Was Israel victorious in this summer’s Gaza war? It depends on whom you ask

In two rounds of fighting with Hamas, Israel’s leaders mistakenly thought they had discouraged the group from resuming attacks against Israel, and each time they turned out to be wrong.

Moshe_Arens_cropped-150x150By Moshe Arens

Was Israel victorious in Operation Protective Edge? It depends on whom you ask.

The trio of Prime Minister Benjamin Netanyahu, Defense Minister Moshe Ya’alon and Israel Defense Forces Chief of Staff Benny Gantz, who appeared on Israeli television the night the cease-fire was announced, did their level best to convince the public that Israel had scored a victory in the 50-day campaign against Hamas and the Islamic Jihad in the Gaza Strip. That the terrorists who had rocketed Israel’s cities, sent millions of citizens to run for cover, and at one point succeeded to close down Ben-Gurion airport, had been soundly beaten. That once they crept out of their underground lairs and saw the destruction the Israel Air Force had visited on the area under their control, they would realize that it made no sense to come back for more of the same.

It may be that many Israelis believed what they were told by their leadership, that others wanted to believe it, considering the heavy price the soldiers of the IDF had paid – but is that really what, in the final analysis, determines the outcome of this bloody war? How do Hamas, Hezbollah, Iran and the Palestinian population in Gaza, Judea, Samaria and Jerusalem view the result of the confrontation between 15,000 Hamas and Islamic Jihad fighters and the IDF, its tanks and infantry, its air force and navy?

One is reminded of the jubilation in Israel that greeted the unilateral IDF withdrawal from the security zone in southern Lebanon in May 2000, to be immediately followed by Hezbollah leader Hassan Nasrallah’s “victory” speech in Bint Jbeil, in which he likened Israel to a spider web which can be torn apart with ease. It was a perception that saw in the IDF’s withdrawal a victory for Hezbollah, and proof that Israel with all its tanks and aircraft can be defeated. It is this perception that brought on the Second Lebanon War six years later.

The view of many in Israel’s security establishment is that it was the perception of Hezbollah’s “victory” over the IDF in Lebanon that brought on the second intifada four months after the withdrawal from southern Lebanon, which resulted in over 1,000 Israeli casualties over a two-year period.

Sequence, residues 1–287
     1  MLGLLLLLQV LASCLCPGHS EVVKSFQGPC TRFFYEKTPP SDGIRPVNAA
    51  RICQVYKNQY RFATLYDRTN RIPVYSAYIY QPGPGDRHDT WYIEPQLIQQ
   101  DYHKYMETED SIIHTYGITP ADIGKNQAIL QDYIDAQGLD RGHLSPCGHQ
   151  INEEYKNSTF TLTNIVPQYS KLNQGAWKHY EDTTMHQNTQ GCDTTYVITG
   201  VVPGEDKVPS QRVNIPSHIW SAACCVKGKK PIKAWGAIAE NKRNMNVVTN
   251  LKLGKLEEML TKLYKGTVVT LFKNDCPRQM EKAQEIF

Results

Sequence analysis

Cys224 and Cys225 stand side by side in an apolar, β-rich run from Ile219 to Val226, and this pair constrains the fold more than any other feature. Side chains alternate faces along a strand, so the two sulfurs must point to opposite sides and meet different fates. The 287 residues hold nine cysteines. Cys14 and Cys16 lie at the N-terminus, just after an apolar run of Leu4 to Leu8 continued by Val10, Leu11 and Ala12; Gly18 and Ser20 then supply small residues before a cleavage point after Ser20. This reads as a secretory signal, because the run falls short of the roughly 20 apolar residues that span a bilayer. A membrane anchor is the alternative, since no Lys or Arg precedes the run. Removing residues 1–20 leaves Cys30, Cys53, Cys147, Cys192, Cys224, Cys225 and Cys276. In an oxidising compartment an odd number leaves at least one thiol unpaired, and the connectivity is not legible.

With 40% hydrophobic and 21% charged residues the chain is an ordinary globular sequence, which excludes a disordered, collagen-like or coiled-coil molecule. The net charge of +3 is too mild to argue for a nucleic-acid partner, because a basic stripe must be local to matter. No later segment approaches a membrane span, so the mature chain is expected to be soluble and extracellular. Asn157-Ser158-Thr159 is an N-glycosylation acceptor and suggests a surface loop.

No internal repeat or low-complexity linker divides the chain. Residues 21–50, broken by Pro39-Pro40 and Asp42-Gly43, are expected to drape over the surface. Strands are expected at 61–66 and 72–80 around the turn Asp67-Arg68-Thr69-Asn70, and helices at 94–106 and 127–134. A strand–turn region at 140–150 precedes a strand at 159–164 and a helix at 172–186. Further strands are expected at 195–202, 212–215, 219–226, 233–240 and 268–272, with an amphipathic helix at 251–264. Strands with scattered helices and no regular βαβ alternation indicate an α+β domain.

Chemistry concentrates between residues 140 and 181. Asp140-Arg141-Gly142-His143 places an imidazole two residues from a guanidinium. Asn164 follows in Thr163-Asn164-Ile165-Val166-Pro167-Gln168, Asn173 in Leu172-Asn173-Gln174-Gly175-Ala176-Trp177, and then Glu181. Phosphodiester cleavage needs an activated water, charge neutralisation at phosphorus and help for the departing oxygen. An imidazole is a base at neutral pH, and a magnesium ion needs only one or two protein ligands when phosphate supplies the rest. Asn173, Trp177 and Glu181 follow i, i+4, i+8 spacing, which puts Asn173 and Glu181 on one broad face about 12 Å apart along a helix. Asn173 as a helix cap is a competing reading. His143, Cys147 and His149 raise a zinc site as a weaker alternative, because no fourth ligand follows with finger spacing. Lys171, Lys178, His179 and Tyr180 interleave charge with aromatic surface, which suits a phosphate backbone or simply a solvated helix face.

Frequently, it is the perception of the other side that determines the continuation of events. Thus, it was the perception that Israel was defeated by Hezbollah in the Second Lebanon War that led to the accumulation of tens of thousands of rockets by Hezbollah in Lebanon and by Hamas in the Gaza Strip. Rockets aimed at Israel’s civilian population, that are meant to be launched sooner or later.

In two rounds of fighting with Hamas – Operations Cast Lead and Defensive Shield – Israel’s leaders thought each time that they were successful in discouraging Hamas from resuming attacks against Israel, and each time they turned out to be wrong. Their perception did not match the perception of the Hamas leadership.

Are they wrong again after Operation Protective Edge? Time will tell, although it is already clear that disarming is the farthest thing from the minds of the Hamas leadership and much of the money that will now be poured into the Strip will be diverted to rearming Hamas and the Islamic Jihad.

It is likely that the perception that the IDF was unsuccessful in defeating Hamas in Gaza has contributed to the recent violence in Jerusalem. No doubt that the Palestinian population there has suffered from neglect over the years by the Jerusalem Municipality and the government – a neglect which sowed the seeds for violent protests. And there was a gradual escalation of rioting which started with the murder this summer of 16-year-old Mohammed Abu Khdeir, and continued as the number of Palestinian casualties in Gaza mounted, inflamed by calls to violence by Hamas and the northern branch of the Israeli Islamic movement.

But the seeming inability of the IDF to subdue the 15,000 Hamas and Islamic Jihad fighters in the Strip during Operation Protective Edge has surely played a role in the continuing escalation of Palestinian rioting in Jerusalem. So who won in the recent Gaza conflict?

The fact is that during the past eight years – during the Second Lebanon War, and in three military operations in the Gaza Strip – the IDF, despite its vast superiority in numbers and weapons, was unsuccessful in defeating its opponents. Is it any wonder that they perceive Israel as having been defeated, and that the ground is prepared for further attacks on Israel?

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